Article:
The most recent wrongdoing includes opening a couple of million accounts in the names of real people –without their knowledge or consent – to make their sales numbers look better. So this includes identity theft plus investor fraud.

And then we learned yesterday about violations of the Servicemembers Civil Relief Act – a law designed to protect soldiers from having their car repossessed while they are on duty, fighting for America. I guess, after you’ve cheated everybody else, there is little compunction in screwing over the military.

Yep, this is the same Wells Fargo that received $25 billion from the federal government’s Troubled Assets Relief Program (TARP) during the meltdown of 2008, which it later repaid. Now, here is a scary thought; Wells Fargo was considered one of the “cleanest” US banks; their rap sheet isn’t nearly as long as Citi, or Bank of America, or JPMorgan Chase, or Goldman Sachs.

I still, perhaps naively, believe that at some point regulators, prosecutors, investors, clients, Boards of Directors... somebody will finally realize that the banking system is based on a deeply flawed business model.  This does not mean Deutsche Bank or Wells Fargo will implode like Lehman Brothers. Hopefully we have learned how to repeat that mess but we still have a long way to go.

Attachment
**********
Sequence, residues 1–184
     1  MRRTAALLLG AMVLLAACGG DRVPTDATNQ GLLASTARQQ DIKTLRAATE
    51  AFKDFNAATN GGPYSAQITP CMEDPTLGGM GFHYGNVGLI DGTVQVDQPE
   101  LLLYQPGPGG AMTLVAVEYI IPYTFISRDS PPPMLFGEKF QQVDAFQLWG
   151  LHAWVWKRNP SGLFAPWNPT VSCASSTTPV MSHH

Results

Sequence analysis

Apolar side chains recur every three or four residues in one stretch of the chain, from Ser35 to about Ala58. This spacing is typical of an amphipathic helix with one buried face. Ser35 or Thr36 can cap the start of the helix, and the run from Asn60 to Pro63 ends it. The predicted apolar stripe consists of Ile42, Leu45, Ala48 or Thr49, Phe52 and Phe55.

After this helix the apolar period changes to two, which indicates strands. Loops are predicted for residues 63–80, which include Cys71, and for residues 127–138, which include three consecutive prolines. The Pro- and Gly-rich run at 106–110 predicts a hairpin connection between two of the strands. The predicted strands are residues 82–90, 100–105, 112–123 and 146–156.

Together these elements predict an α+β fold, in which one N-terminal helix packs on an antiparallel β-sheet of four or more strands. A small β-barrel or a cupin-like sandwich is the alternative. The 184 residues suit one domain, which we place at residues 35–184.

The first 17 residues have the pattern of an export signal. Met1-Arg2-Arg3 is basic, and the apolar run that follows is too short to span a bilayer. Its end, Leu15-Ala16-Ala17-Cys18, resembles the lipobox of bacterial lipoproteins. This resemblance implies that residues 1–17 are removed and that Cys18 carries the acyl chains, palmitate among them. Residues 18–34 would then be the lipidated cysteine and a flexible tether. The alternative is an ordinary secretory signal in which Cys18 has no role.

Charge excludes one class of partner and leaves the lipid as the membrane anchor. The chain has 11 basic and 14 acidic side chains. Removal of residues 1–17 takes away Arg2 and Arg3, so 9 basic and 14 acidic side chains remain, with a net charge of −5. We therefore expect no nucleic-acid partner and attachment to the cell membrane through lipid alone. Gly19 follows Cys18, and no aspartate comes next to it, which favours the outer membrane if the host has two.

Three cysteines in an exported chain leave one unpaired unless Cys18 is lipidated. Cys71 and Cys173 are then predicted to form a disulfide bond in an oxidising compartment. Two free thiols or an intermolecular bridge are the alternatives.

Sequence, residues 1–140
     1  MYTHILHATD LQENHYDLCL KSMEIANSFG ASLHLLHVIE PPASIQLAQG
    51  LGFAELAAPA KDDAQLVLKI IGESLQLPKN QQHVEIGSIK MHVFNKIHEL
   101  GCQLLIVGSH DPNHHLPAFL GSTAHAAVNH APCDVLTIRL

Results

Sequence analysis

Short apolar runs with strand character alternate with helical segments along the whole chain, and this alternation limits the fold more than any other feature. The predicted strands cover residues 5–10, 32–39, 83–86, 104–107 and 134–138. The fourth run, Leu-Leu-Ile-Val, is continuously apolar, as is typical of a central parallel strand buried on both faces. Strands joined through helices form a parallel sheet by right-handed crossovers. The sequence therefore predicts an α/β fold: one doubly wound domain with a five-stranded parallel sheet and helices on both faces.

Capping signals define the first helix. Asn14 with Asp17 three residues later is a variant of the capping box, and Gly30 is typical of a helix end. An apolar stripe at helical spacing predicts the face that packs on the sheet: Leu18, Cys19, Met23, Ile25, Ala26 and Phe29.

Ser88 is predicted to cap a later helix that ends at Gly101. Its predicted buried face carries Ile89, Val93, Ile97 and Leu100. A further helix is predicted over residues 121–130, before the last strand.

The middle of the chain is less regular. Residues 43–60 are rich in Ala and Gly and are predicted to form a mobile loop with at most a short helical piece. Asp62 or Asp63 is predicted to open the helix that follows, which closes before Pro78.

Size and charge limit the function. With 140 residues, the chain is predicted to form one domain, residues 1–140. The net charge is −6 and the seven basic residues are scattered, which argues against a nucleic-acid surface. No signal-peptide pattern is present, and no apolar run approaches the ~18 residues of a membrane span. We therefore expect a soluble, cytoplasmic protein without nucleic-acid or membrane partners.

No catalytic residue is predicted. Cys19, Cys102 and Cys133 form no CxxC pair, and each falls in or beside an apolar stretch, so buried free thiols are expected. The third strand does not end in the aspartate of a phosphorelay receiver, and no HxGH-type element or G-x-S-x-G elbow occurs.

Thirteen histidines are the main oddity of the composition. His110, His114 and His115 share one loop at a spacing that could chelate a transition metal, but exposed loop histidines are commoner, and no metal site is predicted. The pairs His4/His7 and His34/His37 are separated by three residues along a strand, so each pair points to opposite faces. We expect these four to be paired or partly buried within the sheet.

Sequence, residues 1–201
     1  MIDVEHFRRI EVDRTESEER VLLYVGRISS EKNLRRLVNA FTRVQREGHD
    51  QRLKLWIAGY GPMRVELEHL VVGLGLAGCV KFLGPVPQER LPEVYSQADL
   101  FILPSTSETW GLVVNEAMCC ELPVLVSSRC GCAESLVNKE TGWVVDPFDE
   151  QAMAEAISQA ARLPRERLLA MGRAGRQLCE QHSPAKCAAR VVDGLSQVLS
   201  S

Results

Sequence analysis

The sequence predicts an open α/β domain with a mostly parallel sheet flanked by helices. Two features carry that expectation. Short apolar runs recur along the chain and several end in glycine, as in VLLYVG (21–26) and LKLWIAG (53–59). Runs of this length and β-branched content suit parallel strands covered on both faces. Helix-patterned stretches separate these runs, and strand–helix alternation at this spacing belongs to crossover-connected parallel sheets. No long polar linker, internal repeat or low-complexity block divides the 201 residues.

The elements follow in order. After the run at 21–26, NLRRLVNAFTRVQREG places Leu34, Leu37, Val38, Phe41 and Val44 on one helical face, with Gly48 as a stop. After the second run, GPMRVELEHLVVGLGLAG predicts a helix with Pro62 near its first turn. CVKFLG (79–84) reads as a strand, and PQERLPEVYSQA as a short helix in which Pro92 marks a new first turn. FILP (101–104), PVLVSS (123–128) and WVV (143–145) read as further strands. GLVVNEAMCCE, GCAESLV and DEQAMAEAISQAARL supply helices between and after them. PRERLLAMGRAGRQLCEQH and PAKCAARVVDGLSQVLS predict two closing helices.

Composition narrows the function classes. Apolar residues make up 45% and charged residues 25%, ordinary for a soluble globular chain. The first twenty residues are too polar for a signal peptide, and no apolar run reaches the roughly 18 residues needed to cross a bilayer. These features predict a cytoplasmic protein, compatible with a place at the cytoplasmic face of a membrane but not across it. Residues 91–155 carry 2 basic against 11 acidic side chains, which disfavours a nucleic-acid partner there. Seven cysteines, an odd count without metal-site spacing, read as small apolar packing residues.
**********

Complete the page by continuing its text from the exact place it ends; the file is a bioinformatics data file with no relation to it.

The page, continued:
Wall Street’s five largest banks (including Wells Fargo) now have about 45 percent of the nation’s banking assets. That’s up from about 25 percent in 2000. This means most bank customers have very little choice.

The past couple of weeks have been very interesting; we have seen bipartisan CEO bashing in Washington. The politicians have been indignant about banks behaving badly and pharmaceutical executives’ price gouging. Look for that populist indignation to fade away quickly once we get past the election.

The final reading of the University of Michigan’s consumer sentiment index showed a rise in September to a level of 91.2, up from 89.8 in August. The index started the year at 91.4.

The Commerce Department says consumer spending fell 0.1 percent last month after accounting for inflation. Lower sales of new cars and trucks offset an increase in services such as education and health care. Personal income rose 0.2% in August, the smallest increase in seven months. The pullback in spending and somewhat higher income boosted savings.